The weird title of the first album by this Liverpool group — essentially a duo of Gary Daly (words, keyboards, vocals) and Eddie Lundon (guitar and music), plus Dave the percussionist — does convey a sense of what China Crisis is about. The rhythms — R&B, funk, reggae, Afro-gypsy, bossa nova — are so gently, modestly, melodiously proffered that it goes down too smoothly. Then you notice that the dreamily enunciated sentiments interface the political and the personal, with hopeful dreams and admissions of self-doubt and inner struggle. The cohesive feel is maintained despite four different producers; China Crisis’ sturdy intellectual backbone emerges often enough to avoid wimpiness.
Working With Fire and Steel has just as much going for it. Sax and/or oboe (!) appears on all but two tracks, with more horns on occasion and even strings (real and synth). Mike Howlett’s production, plus a new drummer and a permanent bassist, help the group attain a bit more sonic snap; the lyrics are less tortured, if just as thoughtfully and melancholically personal. (The EP of the same name unites two versions of the title track with a pair of pretty, wistful instrumentals originally released as British 45 B-sides.)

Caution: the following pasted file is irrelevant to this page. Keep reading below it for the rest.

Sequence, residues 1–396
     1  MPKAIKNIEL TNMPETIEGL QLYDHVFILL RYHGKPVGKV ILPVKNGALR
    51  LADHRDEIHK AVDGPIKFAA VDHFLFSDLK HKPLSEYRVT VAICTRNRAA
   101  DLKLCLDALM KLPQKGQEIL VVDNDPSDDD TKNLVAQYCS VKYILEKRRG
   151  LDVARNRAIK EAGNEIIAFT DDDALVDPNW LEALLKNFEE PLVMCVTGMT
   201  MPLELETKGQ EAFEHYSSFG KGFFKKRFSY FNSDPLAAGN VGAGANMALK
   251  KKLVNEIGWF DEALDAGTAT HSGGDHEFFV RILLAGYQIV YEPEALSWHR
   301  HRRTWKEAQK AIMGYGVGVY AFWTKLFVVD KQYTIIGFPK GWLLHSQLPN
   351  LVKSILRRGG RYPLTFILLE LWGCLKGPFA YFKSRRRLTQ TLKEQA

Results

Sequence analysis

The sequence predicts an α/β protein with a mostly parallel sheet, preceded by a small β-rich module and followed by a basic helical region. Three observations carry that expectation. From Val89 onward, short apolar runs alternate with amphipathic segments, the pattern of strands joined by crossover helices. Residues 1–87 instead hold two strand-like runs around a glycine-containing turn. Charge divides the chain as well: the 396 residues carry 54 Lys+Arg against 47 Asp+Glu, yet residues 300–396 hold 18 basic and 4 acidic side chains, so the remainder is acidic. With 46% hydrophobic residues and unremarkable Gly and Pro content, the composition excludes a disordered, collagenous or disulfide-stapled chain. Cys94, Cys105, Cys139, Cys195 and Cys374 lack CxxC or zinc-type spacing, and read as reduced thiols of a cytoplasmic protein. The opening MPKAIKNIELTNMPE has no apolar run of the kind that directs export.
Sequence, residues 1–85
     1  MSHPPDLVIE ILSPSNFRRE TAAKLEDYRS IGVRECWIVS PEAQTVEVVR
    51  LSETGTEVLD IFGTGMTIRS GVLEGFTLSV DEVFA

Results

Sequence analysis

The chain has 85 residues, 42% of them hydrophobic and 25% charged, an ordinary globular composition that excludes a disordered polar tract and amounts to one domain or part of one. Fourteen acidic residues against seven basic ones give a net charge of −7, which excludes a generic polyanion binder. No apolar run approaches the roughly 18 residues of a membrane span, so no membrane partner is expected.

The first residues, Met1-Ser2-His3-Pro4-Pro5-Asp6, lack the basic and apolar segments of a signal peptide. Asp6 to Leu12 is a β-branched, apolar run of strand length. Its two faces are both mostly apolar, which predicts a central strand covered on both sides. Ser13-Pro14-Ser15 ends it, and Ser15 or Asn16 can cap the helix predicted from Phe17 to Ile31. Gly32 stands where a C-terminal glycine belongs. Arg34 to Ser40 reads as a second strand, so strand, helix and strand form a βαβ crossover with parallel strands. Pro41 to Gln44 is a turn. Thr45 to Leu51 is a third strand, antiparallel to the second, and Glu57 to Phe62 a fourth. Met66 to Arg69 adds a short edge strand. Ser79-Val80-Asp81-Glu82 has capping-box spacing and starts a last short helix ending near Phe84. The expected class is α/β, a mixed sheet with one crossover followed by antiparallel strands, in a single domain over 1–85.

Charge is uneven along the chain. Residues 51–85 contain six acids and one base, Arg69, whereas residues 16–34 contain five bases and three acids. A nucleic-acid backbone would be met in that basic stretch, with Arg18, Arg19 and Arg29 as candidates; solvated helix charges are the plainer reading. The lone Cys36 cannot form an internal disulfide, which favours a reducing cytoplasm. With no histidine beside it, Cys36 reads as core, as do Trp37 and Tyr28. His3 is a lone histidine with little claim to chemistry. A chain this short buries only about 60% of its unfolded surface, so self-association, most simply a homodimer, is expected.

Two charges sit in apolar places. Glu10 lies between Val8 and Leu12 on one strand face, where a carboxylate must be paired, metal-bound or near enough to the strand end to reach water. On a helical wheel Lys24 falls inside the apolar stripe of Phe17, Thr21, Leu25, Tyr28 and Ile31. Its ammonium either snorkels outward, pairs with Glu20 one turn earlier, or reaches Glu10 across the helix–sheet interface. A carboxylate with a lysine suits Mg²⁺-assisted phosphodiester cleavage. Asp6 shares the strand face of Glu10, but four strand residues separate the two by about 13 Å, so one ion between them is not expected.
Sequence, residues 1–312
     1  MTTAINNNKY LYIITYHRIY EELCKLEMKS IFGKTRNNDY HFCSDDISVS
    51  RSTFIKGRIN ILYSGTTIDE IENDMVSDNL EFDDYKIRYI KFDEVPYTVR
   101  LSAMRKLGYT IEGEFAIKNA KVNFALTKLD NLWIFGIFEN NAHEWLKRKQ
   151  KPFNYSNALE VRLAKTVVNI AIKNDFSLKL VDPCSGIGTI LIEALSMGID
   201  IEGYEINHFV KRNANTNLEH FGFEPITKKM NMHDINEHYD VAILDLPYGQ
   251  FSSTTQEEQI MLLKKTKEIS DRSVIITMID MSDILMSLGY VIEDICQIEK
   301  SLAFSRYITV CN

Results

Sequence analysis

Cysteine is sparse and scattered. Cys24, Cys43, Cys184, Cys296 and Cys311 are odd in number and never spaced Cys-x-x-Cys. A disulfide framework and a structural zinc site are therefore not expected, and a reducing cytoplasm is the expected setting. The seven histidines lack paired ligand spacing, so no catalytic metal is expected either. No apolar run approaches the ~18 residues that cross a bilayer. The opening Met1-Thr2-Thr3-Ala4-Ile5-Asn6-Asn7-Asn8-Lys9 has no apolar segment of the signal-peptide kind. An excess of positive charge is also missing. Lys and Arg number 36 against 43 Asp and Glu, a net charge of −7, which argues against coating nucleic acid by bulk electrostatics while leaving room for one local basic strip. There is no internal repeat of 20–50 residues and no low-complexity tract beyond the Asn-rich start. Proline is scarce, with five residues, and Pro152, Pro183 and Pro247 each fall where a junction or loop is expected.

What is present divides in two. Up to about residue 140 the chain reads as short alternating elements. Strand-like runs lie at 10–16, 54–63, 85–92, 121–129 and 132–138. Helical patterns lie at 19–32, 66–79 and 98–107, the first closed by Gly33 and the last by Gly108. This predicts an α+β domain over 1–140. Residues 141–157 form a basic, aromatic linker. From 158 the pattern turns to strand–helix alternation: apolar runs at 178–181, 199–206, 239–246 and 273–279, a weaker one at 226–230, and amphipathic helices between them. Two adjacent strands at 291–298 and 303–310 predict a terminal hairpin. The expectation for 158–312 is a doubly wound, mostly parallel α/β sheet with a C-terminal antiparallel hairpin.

Flaunt the Imperfection was produced by Steely Dan’s Walter Becker but, while displaying a bit of Dan influence (see “The Highest High” and “Black Man Ray,” both memorable pieces of modern art-pop), it’s far more obviously a refinement of the band’s own style. The lyrical art seems so artless, the musical airiness so effortless; like the first album, it’s almost too subtle for its own good. (Almost.)
By What Price Paradise, Daly had handed the keyboards over to a fifth band member, but that had no audible, directly traceable influence compared to the switch to the production team of Clive Langer and Alan Winstanley. The sound has more edge to it, yet is somehow less delicate, less distinctive than on previous albums. In fact, the vocals (lead and backing) on one track are so different that the group is nearly unrecognizable. Still, it pretty much is China Crisis; if the songs occasionally seem more conventionally written, they’re still attractive, even almost (gulp) commercial. What’ll they think of next?
On Diary of a Hollow Horse, aside from three tracks overseen by Mike Thorne, a return to Becker is what. While Thorne uses a sparer sound, Becker often opts to add sax, flute, extra guitar and female backing vocalists. But the album is more familiarly typical of China Crisis (again with a taste of musical Dan-ishness), and grows with repeated plays. In an uncharacteristic break with the usual conscious self-control, the group releases some tension in the nearly anthemic (by these standards) “All My Prayers.” Diary is no match for their finest work, but a gratifying effort all the same.
The China Crisis Collection is a balanced overview, but contains only one track from the ’89 LP.